There is also the ability to have tea with characters, which starts a mini-game where you are given conversation topics to pick for the small talk. If the topics are interesting to the character, you’ll improve your relationship with them. This is actually one of the more fun events because you have control over it. Trying to guess topics based on what you know about a character is an interesting challenge. Another option, if you don’t want to explore, is to attend a seminar that can be hosted by a professor or a visiting Knight of Seiros; this can give a small boost to the skills of a few students at once and improve their motivation.
The motivation is needed for when students head to the classroom, as the amount of motivation a student has determines how many lessons you can give them. Lessons improve a student's ability is a specific area of expertise. Students will each have their own goals and desires for advancement, and if you play to those areas of interest, they will be extra successful. For instance, a student might be skilled with a sword, but they want to also work on their skills as an archer so that they can upgrade to the Assassin class. Again, watching your characters grow is fun at first and you’ll feel like a proud teacher whose students are learning new skills. But the progress slows later in the game, and you’re spending weeks and weeks going over the same lessons.
Most students will start out as nobles or commoners, then as they earn experience and study, they can take an exam to move into a new class based on the skills they learned, like an Assassin, Falcon Knight, Mage, or Sniper. These classes will give characters new attacks and gambits. Another consideration is your Professor level, which is upgraded with each lesson given, item returned, choir practiced held, and meals shared. As your level improves, you’ll be able to take more actions while exploring, getting better results from students, and receive bonuses to certain actions.
Students will also need to be equipped before heading out on the battlefield. You can buy weapons and armor for them, or find it during battles. You’ll also be able to bring materials to a blacksmith to have them craft items or perform repairs. Lastly, you’ll also need to purchase battalions for your students, as the budding officers will need something to command.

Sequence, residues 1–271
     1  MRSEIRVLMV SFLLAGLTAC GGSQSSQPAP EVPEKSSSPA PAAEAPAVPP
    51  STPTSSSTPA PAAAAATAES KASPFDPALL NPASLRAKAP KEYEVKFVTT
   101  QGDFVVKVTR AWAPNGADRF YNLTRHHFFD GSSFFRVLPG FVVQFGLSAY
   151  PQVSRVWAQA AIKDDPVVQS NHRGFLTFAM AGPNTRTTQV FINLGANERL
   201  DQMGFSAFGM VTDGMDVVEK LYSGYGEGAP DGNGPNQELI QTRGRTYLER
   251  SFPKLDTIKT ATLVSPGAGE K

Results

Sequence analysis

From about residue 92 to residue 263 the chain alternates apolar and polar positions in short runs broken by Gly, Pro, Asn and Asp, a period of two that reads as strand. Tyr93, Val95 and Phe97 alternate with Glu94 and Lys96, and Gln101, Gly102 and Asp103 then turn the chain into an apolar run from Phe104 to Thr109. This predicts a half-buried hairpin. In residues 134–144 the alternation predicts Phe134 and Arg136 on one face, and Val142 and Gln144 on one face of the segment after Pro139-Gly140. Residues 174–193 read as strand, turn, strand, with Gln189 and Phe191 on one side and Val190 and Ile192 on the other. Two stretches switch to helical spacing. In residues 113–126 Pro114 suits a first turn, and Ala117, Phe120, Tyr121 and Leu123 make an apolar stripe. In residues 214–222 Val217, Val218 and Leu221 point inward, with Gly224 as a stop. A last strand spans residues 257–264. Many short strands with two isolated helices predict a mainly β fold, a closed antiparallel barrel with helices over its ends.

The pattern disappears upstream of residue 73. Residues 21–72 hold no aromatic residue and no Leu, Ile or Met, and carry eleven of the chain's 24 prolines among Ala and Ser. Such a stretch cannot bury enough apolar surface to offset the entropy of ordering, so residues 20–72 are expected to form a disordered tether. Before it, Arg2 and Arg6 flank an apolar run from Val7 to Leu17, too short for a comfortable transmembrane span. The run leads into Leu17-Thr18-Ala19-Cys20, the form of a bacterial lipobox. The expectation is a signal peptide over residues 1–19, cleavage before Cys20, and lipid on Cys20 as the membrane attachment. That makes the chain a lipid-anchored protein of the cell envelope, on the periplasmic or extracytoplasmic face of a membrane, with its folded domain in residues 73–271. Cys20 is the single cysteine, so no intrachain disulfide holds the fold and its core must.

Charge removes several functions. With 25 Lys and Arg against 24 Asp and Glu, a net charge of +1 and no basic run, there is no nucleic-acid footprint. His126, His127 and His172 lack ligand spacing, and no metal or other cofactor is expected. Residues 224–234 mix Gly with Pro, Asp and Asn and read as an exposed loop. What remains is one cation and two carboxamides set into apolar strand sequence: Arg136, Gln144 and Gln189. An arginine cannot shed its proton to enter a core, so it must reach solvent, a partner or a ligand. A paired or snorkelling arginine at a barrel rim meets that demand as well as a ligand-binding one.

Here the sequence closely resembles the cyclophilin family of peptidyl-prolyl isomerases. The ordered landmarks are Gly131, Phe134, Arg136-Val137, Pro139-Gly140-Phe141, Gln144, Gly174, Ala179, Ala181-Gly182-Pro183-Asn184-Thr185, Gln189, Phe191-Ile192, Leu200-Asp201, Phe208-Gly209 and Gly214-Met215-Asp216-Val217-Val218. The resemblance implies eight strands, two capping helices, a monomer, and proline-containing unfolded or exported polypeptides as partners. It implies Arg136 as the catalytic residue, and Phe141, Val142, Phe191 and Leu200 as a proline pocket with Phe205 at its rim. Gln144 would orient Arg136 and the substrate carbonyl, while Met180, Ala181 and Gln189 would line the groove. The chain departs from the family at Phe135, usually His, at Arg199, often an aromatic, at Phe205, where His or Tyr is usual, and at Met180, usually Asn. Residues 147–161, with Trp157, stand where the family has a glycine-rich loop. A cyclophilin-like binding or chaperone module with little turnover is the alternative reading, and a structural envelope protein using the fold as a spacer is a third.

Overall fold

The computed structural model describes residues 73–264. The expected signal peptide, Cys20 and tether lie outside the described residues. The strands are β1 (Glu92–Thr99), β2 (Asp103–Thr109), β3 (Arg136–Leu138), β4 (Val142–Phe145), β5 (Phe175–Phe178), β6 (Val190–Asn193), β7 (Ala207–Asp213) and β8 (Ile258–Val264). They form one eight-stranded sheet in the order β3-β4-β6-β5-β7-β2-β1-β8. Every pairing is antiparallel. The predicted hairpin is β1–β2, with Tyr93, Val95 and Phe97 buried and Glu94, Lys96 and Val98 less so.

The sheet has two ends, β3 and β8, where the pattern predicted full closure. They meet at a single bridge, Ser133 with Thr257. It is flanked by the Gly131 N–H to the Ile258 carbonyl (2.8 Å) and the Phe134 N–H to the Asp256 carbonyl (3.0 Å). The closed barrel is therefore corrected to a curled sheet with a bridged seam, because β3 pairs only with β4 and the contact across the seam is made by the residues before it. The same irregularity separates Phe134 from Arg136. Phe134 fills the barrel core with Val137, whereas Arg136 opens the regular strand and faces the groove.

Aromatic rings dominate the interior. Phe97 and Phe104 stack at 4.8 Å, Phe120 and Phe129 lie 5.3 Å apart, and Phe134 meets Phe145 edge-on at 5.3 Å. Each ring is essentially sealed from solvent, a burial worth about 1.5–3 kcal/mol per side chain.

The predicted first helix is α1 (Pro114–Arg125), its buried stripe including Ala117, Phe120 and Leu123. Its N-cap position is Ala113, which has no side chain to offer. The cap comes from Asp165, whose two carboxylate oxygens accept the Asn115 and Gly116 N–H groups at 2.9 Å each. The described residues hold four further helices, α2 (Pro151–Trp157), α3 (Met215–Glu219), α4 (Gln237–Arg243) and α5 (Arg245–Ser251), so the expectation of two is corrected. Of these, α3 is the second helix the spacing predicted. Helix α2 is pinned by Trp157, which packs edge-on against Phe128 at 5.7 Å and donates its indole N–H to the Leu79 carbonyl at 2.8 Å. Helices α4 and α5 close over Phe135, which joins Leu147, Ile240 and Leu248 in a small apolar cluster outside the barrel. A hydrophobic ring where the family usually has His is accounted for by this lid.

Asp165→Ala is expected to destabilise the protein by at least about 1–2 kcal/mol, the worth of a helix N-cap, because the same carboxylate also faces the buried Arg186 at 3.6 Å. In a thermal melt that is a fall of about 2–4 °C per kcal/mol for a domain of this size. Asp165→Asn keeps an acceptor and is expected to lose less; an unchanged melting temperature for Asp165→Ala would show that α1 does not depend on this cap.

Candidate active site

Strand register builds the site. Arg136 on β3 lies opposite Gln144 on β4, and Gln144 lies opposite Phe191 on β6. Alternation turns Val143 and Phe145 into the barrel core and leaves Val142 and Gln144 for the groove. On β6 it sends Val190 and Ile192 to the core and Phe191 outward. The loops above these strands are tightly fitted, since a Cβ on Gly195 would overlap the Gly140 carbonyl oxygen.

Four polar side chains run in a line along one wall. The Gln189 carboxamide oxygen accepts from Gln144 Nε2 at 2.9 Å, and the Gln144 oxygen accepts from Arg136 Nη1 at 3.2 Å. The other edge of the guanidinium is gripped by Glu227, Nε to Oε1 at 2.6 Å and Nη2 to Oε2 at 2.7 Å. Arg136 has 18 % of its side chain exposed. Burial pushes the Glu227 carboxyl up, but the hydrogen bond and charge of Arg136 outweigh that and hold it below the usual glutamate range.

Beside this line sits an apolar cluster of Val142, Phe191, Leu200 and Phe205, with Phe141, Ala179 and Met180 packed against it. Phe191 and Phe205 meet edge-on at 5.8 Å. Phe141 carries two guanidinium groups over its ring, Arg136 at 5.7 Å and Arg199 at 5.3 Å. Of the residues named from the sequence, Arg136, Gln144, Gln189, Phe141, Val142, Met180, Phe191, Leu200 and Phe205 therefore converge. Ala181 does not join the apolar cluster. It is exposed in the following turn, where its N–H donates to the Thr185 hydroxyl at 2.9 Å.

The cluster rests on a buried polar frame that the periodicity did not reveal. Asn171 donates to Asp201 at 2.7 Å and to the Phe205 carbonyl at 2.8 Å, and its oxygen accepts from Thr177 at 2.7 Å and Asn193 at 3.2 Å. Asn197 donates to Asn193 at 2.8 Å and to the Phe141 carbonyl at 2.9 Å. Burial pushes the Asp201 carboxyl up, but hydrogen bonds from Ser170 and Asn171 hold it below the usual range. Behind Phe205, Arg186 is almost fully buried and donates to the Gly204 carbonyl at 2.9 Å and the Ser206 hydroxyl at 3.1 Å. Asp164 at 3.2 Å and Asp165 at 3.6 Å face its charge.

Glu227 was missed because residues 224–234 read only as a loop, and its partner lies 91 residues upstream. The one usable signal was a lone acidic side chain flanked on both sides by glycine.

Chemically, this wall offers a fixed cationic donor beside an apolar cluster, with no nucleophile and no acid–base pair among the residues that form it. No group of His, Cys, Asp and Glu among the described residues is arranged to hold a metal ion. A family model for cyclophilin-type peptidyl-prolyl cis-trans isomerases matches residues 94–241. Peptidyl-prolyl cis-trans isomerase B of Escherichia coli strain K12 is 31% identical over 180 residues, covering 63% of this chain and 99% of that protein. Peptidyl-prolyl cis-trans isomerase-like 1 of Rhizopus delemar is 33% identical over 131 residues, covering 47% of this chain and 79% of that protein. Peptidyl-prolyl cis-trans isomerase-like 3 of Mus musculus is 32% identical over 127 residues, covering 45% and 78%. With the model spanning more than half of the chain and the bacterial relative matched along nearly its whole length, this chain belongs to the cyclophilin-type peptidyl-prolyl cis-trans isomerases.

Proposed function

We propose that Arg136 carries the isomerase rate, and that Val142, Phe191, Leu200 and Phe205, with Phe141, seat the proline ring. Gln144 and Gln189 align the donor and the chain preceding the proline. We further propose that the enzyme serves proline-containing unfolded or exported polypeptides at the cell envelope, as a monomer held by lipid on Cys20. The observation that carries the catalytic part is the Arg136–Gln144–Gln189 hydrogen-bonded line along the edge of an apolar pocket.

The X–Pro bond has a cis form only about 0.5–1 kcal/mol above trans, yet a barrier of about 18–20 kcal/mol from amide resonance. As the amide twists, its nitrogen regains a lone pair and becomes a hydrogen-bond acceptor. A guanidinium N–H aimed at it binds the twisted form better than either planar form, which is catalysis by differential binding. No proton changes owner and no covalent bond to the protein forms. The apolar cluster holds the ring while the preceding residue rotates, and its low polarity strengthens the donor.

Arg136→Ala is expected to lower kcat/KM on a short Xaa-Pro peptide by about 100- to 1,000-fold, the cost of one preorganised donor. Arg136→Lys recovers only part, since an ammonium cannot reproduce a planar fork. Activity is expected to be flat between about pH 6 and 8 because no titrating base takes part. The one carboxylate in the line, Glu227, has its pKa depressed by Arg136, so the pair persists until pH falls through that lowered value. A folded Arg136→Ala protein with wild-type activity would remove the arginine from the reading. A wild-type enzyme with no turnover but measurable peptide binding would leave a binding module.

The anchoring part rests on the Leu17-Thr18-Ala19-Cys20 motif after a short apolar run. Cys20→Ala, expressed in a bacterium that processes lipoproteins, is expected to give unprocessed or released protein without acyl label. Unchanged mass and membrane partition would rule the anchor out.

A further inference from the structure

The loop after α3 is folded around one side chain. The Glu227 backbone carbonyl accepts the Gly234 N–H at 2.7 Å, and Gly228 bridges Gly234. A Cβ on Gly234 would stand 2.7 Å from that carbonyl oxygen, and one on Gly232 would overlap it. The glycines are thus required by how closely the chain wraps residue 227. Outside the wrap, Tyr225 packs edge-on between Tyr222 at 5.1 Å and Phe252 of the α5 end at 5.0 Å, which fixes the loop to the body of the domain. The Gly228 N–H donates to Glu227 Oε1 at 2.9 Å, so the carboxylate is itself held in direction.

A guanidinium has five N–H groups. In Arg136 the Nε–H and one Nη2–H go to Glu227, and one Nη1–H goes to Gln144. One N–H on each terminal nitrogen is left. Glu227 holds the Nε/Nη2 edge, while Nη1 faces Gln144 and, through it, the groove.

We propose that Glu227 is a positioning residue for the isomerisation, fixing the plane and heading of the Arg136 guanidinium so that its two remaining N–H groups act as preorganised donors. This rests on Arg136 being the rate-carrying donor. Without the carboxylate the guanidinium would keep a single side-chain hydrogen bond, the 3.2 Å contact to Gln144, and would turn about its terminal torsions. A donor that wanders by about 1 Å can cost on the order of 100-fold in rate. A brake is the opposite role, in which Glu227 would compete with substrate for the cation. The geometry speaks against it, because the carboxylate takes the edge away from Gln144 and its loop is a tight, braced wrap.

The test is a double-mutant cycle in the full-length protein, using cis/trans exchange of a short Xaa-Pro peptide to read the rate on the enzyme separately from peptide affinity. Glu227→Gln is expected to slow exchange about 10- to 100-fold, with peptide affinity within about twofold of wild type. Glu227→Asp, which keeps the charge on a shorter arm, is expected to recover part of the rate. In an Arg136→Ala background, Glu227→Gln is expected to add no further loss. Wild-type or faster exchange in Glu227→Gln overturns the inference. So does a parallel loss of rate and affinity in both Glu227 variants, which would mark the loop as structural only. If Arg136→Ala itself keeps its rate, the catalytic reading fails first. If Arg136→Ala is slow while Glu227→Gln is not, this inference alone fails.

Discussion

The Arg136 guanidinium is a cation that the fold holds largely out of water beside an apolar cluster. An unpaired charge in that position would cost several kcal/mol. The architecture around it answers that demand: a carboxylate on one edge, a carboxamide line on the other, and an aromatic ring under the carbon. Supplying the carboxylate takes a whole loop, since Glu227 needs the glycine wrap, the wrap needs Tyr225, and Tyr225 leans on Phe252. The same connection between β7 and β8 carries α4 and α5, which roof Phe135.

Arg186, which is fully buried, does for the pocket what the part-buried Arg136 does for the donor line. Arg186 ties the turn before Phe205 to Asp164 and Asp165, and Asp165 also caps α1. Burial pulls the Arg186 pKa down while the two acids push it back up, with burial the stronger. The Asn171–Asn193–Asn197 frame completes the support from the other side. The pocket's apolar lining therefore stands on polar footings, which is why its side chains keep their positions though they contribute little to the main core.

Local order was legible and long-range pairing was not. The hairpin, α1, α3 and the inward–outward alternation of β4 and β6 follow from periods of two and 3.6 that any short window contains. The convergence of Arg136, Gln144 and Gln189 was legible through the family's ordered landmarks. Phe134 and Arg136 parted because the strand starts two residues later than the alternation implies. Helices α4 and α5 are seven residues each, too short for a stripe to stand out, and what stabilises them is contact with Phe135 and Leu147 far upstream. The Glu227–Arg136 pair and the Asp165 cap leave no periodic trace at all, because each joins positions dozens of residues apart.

After you’ve explored the monastery, given lessons to the students, and attended seminars, you’ll be ready to finally battle the enemy. There are two kinds of battles, the story battles and side quests that you can do for your students. The tactical combat is a lot of fun, though it does tend to be a little on the easy side. The player will take turns, positioning their troops and attacking. However, any attack has the chance for a counterattack, assuming the enemy isn’t defeated. There are some fun ripples to combat. First, you’ll have an opportunity to use “Combat Arts”, which are special attacks that will do more damage but also degrade your weapon, something you’ll have to keep an eye on to make sure the weapon doesn’t break. If you have the enemy surrounded, you’ll likely want to use a “Gambit” which are special military maneuvers based on the battalion assigned to a unit. Gambits not only do significant damage but can also knock enemies around the battlefields and stun them.
The interface for combat is nice and simple. The menus might be a little extensive, but generally, I found it was easy to navigate and I usually knew what consequences my actions would have right away. Again, the only problem I had was that things were a little too easy. Even playing in “Classic” mode, where characters lost on the battlefield would be dead forever, I still found myself waltzing through battles in the mid-game, which made combat feel more like a chore than a tense situation.
I always give credit to games that are filled with busy-work, because it proves how any aspect of life can be turned into a game, and how our lizard brains tend to analytically approach every situation within our control. The only problem when so much of your game is busy-work is to make sure that it remains engaging, and that’s the problem for Fire Emblem. There’s so much time spent exploring, teaching, equipping, and evolving all the characters in your house that these elements need to be fully engrossing. And while they were at first, they quickly turned to chores that needed to be done. It makes the game a bore on the back-half and when your back-half is 25 hours long, that’s a lot of boredom.
I also found the technical performance to be uneven at times. I had it crash on me once, and while exploring Garreg Mach, I had consistent frame rate issues. Luckily, such a casual experience wasn’t affected by these problems, but it was still annoying. I played the game both docked and handheld. The docked version is obviously going to look better, but the performance was comparable in both modes.
There are many mechanics in Fire Emblem: Three Houses, many tutorials, and so much to learn. Bringing all these elements together is impressive in its own right. I liked learning about students through their favorite meals or by helping them with side quests (fetch quests and some extra battles). What I didn’t like was spending 45-minutes running around the monastery trying to figure out who lost their weightlifting rocks, or watching tournaments auto-play in front of me. The massive amount of content in Three House is admittedly a mixed bag, and in a game as long as this, the boring stuff can end up taking hours and hours of your time. If anything, Three Houses will help you realize why so many other games leave the day-to-day lives of their heroes on the cutting room floor.